It wasn't a normal worship service (and the livestream was pretty terrible viewing) but I am so glad for those of you who stood up and shared your testimonies of God's goodness. Your courage to share and love for God were an example to us all.
Pastor Scott McDermid
I heard a story once about a man who fell in a hole. He tried and tried to get out, but eventually gave up. A long time later, a friend of his saw him down in the hole and yelled down "do you need help?" The man was so excited and hoped that his friend would get a ladder or a rope; but was flabbergasted when his friend jumped into the hole. "Now we are both stuck!" said the man. But his friend looked at him with compassion and said, "I've been at my rock bottom too and I know the way out"
I've used this little story (which reminds me of a parable Jesus might tell) to people who feel like they have no hope. Maybe their marriage is falling apart, or their drinking got out of control or any number of issues...but they feel like there is no hope and that nobody cares.
My goal in those moments is not to "fix" the problem (often the solution seems quite easy to those of us on the outside looking in) but to be there for them and let that know that we care.
If you, or someone you know, is in "the pits" maybe the best thing they can hear is "I care and I'll be there for you"...but even better than saying it is doing it! So invite them out for coffee or go over to their house to visit. Don't go with an agenda, but just to listen and empathize.
Proverbs 17:17 says "A friend loves at all times and a brother is born for a time of adversity."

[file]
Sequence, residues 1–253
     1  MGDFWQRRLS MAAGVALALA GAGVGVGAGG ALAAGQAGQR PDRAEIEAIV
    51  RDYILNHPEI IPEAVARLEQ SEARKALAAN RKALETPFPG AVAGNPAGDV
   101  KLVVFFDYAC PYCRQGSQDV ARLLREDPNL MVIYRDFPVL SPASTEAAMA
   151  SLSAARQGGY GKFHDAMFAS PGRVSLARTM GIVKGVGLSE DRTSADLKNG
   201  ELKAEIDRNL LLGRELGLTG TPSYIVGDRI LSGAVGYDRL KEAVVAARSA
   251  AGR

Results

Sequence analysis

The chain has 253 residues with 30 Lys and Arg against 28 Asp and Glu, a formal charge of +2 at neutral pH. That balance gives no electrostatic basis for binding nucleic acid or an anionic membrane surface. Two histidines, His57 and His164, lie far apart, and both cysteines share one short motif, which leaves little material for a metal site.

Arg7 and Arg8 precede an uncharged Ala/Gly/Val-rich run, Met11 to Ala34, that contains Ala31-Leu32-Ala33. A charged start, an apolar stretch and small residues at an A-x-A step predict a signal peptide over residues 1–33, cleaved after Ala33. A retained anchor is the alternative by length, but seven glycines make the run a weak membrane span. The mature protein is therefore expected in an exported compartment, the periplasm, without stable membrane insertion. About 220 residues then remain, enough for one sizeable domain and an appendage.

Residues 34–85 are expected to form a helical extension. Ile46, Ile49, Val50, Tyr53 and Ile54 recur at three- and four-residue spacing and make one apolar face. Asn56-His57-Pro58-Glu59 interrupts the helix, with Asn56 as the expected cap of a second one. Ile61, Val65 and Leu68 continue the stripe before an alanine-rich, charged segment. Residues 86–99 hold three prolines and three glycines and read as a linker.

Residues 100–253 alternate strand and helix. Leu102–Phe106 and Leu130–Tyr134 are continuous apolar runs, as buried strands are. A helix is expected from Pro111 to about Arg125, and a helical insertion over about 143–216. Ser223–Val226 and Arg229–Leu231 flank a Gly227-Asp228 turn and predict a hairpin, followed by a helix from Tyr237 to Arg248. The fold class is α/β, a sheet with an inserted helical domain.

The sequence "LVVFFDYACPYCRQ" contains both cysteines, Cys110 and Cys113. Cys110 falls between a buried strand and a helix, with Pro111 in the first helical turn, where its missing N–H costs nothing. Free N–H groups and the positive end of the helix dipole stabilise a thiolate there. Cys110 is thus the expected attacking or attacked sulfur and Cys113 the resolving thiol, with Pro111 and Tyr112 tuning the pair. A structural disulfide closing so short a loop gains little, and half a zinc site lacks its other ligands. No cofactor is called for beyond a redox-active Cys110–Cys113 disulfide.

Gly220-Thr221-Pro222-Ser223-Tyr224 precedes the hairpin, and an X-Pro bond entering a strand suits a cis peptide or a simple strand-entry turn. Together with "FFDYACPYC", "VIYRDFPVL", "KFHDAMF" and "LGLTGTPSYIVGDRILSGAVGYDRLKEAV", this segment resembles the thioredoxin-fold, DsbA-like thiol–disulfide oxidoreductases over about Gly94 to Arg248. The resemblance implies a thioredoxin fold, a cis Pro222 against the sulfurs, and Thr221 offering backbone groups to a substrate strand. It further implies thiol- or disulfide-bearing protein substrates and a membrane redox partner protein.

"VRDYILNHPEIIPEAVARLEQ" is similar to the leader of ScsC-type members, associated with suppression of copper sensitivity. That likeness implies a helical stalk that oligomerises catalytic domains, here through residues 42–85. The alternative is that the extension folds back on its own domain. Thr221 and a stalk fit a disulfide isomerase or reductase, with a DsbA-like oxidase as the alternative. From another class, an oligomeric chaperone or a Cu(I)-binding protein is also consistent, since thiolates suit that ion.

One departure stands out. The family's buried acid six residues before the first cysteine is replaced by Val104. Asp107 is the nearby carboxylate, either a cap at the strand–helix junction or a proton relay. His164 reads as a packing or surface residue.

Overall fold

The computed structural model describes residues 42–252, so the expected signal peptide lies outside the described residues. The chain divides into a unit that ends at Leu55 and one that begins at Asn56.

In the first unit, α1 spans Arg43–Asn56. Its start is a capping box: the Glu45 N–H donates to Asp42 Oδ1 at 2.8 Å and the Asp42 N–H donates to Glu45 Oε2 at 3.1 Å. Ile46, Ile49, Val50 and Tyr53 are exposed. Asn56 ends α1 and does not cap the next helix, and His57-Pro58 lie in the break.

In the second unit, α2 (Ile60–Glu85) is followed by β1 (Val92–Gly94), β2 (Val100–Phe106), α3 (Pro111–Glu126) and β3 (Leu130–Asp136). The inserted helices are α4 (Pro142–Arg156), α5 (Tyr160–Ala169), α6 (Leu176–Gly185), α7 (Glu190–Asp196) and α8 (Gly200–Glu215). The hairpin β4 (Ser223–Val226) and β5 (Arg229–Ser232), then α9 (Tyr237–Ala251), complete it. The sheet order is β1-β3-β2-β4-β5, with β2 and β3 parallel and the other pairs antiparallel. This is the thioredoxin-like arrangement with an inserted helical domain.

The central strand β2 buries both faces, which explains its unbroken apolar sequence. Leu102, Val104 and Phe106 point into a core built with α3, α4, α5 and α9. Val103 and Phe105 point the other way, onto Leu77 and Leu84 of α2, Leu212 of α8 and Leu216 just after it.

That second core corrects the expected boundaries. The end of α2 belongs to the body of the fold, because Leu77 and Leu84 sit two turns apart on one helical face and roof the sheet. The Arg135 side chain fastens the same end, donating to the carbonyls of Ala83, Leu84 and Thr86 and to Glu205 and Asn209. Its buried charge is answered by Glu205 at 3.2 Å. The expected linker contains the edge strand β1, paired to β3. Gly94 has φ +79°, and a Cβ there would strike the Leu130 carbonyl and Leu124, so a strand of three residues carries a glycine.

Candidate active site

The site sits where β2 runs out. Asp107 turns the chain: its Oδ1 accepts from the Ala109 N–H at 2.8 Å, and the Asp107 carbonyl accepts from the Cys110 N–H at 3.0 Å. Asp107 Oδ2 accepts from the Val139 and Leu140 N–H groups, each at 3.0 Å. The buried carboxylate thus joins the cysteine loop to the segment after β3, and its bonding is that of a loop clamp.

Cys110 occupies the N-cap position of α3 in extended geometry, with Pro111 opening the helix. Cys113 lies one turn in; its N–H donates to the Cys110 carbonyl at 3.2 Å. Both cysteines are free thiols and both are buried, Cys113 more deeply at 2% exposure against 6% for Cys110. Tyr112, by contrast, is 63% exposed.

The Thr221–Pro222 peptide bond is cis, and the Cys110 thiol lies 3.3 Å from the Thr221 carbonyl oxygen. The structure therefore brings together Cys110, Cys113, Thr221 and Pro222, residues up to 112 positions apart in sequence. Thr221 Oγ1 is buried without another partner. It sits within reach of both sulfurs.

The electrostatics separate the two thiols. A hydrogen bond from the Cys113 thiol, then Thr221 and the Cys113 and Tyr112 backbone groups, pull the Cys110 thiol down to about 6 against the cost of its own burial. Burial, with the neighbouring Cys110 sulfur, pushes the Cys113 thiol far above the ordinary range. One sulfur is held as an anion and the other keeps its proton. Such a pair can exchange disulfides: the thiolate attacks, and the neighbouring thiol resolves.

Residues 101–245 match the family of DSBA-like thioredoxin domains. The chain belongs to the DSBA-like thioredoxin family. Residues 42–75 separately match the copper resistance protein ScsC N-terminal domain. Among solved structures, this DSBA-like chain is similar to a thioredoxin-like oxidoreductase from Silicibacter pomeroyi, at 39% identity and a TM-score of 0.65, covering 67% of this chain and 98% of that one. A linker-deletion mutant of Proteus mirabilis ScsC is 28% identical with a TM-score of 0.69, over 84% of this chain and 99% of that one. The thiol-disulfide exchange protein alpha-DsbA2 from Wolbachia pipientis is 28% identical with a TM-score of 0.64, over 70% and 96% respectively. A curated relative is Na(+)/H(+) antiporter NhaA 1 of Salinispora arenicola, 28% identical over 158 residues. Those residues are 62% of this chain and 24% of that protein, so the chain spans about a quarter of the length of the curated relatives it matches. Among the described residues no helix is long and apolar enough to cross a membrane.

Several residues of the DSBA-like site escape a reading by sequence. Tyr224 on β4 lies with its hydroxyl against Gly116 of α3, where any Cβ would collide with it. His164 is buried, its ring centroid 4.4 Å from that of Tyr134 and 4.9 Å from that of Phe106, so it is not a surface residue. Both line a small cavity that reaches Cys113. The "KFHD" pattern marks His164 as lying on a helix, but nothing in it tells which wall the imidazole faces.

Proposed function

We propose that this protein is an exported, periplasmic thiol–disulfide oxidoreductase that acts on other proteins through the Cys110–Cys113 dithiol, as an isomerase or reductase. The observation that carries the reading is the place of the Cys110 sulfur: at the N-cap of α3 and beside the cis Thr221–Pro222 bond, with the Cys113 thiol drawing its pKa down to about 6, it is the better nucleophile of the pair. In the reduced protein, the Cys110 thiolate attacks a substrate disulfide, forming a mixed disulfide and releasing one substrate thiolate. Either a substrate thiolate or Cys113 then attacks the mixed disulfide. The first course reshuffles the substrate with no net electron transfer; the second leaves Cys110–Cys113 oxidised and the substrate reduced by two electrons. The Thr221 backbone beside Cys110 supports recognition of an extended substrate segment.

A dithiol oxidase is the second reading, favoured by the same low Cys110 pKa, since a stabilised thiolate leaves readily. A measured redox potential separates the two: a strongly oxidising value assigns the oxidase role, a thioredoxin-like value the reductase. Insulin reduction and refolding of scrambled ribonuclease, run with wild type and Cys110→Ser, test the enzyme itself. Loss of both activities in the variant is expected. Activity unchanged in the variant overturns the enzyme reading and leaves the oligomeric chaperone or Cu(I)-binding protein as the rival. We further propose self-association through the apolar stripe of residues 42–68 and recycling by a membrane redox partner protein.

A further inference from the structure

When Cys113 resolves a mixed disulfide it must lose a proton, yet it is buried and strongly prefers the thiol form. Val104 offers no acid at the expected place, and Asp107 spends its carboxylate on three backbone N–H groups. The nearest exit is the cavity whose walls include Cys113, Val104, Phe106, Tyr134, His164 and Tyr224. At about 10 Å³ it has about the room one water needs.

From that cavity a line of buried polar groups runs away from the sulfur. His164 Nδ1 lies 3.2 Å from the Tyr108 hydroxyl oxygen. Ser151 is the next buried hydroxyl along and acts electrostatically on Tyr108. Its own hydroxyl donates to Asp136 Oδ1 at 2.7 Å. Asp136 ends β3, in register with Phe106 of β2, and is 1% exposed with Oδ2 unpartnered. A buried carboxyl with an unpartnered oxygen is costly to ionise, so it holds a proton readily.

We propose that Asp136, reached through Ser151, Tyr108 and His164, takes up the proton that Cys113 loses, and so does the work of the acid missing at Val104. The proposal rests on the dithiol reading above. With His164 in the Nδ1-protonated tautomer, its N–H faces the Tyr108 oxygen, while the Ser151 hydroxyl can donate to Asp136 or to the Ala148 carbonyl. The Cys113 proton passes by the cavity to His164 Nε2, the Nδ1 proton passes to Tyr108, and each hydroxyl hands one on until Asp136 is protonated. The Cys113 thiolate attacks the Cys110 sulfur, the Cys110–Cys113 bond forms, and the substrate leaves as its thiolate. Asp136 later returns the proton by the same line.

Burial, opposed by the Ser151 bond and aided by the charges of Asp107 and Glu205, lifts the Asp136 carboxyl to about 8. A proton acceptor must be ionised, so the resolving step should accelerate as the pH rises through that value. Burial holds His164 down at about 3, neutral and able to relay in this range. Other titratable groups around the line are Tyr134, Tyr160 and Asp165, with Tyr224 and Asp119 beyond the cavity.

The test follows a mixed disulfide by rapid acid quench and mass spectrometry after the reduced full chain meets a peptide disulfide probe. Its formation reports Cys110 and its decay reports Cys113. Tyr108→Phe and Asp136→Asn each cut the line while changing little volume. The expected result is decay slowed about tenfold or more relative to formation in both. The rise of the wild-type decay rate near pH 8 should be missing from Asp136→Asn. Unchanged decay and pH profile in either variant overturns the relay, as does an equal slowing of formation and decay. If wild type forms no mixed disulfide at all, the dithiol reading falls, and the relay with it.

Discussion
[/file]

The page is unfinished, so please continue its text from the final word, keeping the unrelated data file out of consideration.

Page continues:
Pastor Scott McDermid
My boys like to watch TV like most kids and they have always had their favorite shows over the years. Lately, a strange thing has happened though in terms of their viewing preferences, they want to watch youtube videos of people playing video games.
Before you laugh, this is actually a super popular thing among young people. Video game experts film themselves playing games, and narrating it as they play, and people watch this...a lot.
The strange thing is that my kids watch games we don't even have, on systems we don't own...so it serves no purpose other than entertainment. When I was a kid, I loved video games, but I played them; I didn't just watch others play.
I worry that in church sometimes we take a similar position. We listen as people sing praises to God, but we don't really sing along. We listen as people read from the Bible in public, but we don't read it on our own in private. We watch people preach the word, but we rarely even discuss our faith with others.
Instead of watching others, we need to be personally involved in our faith. We need to be praising God. We need to be praying. We need to be reading the word. We need to be sharing our faith.
For too long we have sat on the sidelines and watched others while God is calling us to live out our faith personally.
Paul tells us in 2 Corinthians 5:7 that we "walk by faith, not by sight" and while this is maybe not exactly what he meant (he was talking more about trusting the Lord even with things we can't see), I am confident that he would be fully on board with this. We don't just "see" others live out faith, we need to "walk" it ourselves.
So, get in the game. Get busy serving, praying, worshiping and teaching. You can do it. Don't just delegate faith to others, live it yourself.
Pastor Scott McDermid